In a recent speech made at school by our principal, he made a very pertinent observation when he said: “Schools today cannot function with 19th century classrooms, 20th century teachers and 21st century students. Educational systems around the globe are poised at the brink of monumental change and I’m so glad that I get to be a part of it.
I am part of what I think is that final generation of people that got the whole ‘school experience’ sans the internet. I find myself to be a part of a unique cohort of people who have watched education go from pre-internet to its online version almost as if someone flicked a button while we were not watching and its effects have been unparalled.
Today, the advent of social media and blogging has brought with it a host of yet to be explored possibilities that are revolutionising the way educators approach their lessons.
In the next few weeks I will attempt to give you a comprehensive idea of what it is like to use blogging and social media as class room tools. I am no authority on the subject, all I want to do is share my personal experiences that I have learnt from people who challenge themselves and their pupils by finding innovative ways to engage them in virtual learning environments long after the school bell has rung.
What are educational blogs?
Educational blogs reinforce the teaching-learning process by providing the stakeholders with contexts for engaging in discussions and higher-order thinking activities, in a virtual envrionment. In my own case, my educational blog evolved from three major directions.
• To communicate and interact with my pupils
• To generation dialogue and debate
• And of course, to allow for the ‘Oh so crucial’ individual reflection.
With classroom time being limited, I look for meaningful ways to extend our discussions outside the 45-minute lecture; the blog has been the perfect venue. Recently, when my grade 10 literature class read the short story “Marriage is a Private Affair” by Chinua Achebe, the students followed up their reading by researching the Ibo tribe of Africa mentioned in the story.
They composed comments for the blog from the point of view of the main characters reflecting on ideas such as free will, traditions, cultural conflicts etc... It was a wonderful mix of reading, researching and writing…..none of which took place in my classroom!
How these work
The multiple benefits of extending classroom conversations to the online world is truly remarkable. Suddenly, I find that I’m surrounded by little subject experts. The links I post, the videos I share and the information I direct them to through the blogosphere has ensured that the people I meet in class every morning are well prepared and raring to go. The depth and breadth of their online discussions, their research and their commitment to course work has taken on a complete new avatar.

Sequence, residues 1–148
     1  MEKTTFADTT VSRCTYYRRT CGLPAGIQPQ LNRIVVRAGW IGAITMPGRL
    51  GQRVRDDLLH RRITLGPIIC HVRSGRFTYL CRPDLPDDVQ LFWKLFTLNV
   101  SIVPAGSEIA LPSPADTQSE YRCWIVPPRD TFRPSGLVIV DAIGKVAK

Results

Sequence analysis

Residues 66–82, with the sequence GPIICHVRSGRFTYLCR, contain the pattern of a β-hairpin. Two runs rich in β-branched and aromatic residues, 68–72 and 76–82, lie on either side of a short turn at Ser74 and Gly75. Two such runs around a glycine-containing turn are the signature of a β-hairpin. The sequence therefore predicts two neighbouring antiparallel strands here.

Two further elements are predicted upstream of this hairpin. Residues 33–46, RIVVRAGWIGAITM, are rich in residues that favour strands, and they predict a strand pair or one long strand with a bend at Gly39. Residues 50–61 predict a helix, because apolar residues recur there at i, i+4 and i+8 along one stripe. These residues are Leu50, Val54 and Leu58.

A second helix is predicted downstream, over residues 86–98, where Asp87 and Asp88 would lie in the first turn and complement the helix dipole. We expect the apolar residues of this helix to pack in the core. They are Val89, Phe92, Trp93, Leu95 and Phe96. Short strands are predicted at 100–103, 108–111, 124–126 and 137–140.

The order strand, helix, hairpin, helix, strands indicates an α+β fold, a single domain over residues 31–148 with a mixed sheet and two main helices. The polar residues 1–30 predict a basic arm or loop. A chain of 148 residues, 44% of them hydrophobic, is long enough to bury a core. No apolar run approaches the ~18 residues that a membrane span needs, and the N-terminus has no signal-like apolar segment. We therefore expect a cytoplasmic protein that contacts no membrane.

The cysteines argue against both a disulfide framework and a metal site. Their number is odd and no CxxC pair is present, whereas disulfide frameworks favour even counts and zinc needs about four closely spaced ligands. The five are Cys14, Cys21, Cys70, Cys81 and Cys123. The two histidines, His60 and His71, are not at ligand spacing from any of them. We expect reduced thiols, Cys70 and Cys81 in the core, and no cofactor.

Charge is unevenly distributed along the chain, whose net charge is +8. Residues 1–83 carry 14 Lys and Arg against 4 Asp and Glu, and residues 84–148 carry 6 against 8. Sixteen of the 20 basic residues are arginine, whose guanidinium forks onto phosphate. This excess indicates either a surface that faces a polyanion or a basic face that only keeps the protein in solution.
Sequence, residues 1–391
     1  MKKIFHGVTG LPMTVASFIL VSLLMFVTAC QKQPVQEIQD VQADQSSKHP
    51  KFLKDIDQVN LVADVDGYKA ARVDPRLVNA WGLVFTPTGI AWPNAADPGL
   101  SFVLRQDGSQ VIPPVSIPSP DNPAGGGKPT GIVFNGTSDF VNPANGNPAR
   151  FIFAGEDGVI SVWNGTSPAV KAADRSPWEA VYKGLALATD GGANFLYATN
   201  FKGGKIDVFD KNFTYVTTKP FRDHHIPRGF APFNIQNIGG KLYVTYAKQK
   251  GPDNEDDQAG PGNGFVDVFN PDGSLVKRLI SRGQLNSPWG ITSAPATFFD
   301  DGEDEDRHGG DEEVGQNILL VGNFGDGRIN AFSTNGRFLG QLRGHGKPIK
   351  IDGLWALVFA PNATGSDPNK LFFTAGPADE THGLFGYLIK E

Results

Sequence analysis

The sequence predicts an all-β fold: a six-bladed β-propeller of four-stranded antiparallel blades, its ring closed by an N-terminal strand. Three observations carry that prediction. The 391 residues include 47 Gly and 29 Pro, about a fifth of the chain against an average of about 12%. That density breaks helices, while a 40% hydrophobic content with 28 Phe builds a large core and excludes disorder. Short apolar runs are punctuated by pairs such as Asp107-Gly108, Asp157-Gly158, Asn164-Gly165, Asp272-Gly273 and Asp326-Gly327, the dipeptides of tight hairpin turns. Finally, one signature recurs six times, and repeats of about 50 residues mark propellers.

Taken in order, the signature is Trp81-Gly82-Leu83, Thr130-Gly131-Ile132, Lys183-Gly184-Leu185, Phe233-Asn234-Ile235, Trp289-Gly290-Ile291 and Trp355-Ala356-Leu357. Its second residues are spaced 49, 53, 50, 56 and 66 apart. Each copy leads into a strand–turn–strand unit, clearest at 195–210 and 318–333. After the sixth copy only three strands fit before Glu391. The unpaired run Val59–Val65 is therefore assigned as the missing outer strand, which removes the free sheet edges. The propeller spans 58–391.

While educational blogs are not a new phenomenon, they are still not part and parcel of common teaching practices in many schools. A considerable cross section of teachers, parents and students feel the benefits of blogging outweigh the negatives, if for no other reason than that blogs encourage students to participate in and take responsibility for their own education.
Recently, I conducted an informal blogging session with some of the Kindergarten teachers at my school. They’re already in the process of starting classroom blogs for collaborative writing, sharing pictures and as an online medium to engage both parents and students throughout the school year. Teachers today don’t shy away from technology; we acknowledge the depth and breadth of its influence and embrace it for its powerful impact on teaching and learning.
I know of several teachers today who are intimidated by how technology is taking the educational world by storm. It could be the fear of change that deters them, maybe they feel like they’re not technologically adept or perhaps they continue to lurk on the fringes, afraid to take the plunge. To those teachers I will say this, technology merely changes the structure of your process and you still remain in control of how you want your students to learn.
The bottom line really is this, 21st century children are different, they have a completely unique skill-set and are technologically sound and proficient and if we want to really get through to them, we’ve got to be able to speak their language. Embracing technology such as blogs, online learning environments and social media is no longer an option; it is a 21st century requirement. I know it may sound daunting and nerve-racking for newcomers, but I assure you – baby steps…that’s all it really takes!
Until next time…
Sydney Michael Atkins is an English teacher at the Gems Modern Academy, Dubai